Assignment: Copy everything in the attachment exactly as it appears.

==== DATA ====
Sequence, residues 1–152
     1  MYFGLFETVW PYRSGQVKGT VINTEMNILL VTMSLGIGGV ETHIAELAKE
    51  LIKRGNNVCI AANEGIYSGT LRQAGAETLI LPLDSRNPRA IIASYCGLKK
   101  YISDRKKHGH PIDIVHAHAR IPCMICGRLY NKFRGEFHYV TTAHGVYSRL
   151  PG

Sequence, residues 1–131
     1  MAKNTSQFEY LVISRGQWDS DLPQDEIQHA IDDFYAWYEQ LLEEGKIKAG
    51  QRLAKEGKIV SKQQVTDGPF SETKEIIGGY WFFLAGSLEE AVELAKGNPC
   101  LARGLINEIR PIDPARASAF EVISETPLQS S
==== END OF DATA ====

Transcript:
Sequence, residues 1–152
     1  MYFGLFETVW PYRSGQVKGT VINTEMNILL VTMSLGIGGV ETHIAELAKE
    51  LIKRGNNVCI AANEGIYSGT LRQAGAETLI LPLDSRNPRA IIASYCGLKK
   101  YISDRKKHGH PIDIVHAHAR IPCMICGRLY NKFRGEFHYV TTAHGVYSRL
   151  PG

Sequence, residues 1–131
     1  MAKNTSQFEY LVISRGQWDS DLPQDEIQHA IDDFYAWYEQ LLEEGKIKAG
    51  QRLAKEGKIV SKQQVTDGPF SETKEIIGGY WFFLAGSLEE AVELAKGNPC
   101  LARGLINEIR PIDPARASAF EVISETPLQS S